So John McCain picks Alaska Governor Sarah Palin as his Vice-Presidential nominee. I know nothing about her, so will suspend judgment. But she is a woman, which is fantastic. The U.S. will either have an African-American President or a female Vice-President, which is the kind of history that should have been made long ago; so kudos to McCain for his courage in making that choice.
Beyond that, there are just a few tidbits that seem to be trotted out in all the stories about Palin. She is very firmly pro-life. Unless you are a polar bear. She is in favor of domestic partnerships, although against gay marriage (which puts her in the official Democratic position). She’s been embroiled in some sort of scandal, although it’s always hard to tell at first glance how serious those things should be taken. Perhaps her signature issue, as far as national politics is concerned, is drilling for oil all over the place — she’s in favor.
One might wonder whether McCain undermines his message of the importance of experience by picking a 44-year old governor with no national experience at all. But one might wonder whether Obama undermined his message of bringing change to Washington by choosing a white male Washington lifer from the Northeast; so clearly the McCain camp thought this was worth the risk. We might learn terrible or wonderful things about her in the next few months, but for the moment this seems superficially like a more palatable pick than any of the bigger Republican names that had been floating around — clearly it was in McCain’s eyes. (Brad DeLong wonders whether a similar line of reasoning didn’t leave us with Dan Quayle twenty years ago.)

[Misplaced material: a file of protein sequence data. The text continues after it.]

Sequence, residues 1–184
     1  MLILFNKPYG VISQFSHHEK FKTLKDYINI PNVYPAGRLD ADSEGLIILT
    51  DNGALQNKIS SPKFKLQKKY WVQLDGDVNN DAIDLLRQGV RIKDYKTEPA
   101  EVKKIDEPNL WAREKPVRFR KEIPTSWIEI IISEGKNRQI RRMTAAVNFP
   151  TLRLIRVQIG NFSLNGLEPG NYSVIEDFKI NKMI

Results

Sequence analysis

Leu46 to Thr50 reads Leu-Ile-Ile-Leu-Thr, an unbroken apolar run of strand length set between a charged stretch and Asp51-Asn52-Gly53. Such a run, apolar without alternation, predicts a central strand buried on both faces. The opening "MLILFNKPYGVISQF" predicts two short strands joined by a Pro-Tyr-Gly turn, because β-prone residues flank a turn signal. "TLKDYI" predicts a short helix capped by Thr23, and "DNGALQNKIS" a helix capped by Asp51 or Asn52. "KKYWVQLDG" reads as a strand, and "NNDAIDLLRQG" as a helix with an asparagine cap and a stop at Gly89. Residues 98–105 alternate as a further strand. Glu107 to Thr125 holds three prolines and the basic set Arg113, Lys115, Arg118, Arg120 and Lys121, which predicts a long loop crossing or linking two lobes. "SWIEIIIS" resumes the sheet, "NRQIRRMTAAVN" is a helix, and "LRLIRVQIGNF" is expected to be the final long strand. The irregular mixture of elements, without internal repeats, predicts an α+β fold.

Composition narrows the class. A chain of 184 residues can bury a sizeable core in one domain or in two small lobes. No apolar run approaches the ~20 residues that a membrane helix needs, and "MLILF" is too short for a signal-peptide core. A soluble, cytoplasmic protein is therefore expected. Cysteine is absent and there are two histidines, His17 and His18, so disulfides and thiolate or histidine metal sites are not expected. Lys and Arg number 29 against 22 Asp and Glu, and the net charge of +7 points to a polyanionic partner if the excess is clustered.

Update: I originally included a link to this YouTube video of Palin making Craig Ferguson an honorary citizen of Alaska, which I think speaks to her sense of humor. But it also involves Ferguson making jokes about her giving off a sexy librarian vibe, which is fine in the context of a late-night comedy show, but isn’t a fair first impression for a female candidate for a major national office. All sorts of jokes will doubtless be on their way, we might as well make some meager effort to start things off with more substantive considerations.
Update again: Because I don’t know anything about Palin, I’ve tried to be open-minded about the pick. But 24 hours later, the obvious first conclusion to which one is tempted to jump appears increasingly correct: this is a person who has no business being anywhere near a national ticket. Sufficient evidence for this conclusion comes from the words of her supporters, along the lines of: Sure, she’s woefully underqualified, but in all probability John McCain will live for at least another four years! And if he doesn’t, we’re sure she will have the good sense to resign.
I wonder how many times she has visited Iraq to get the facts on the ground?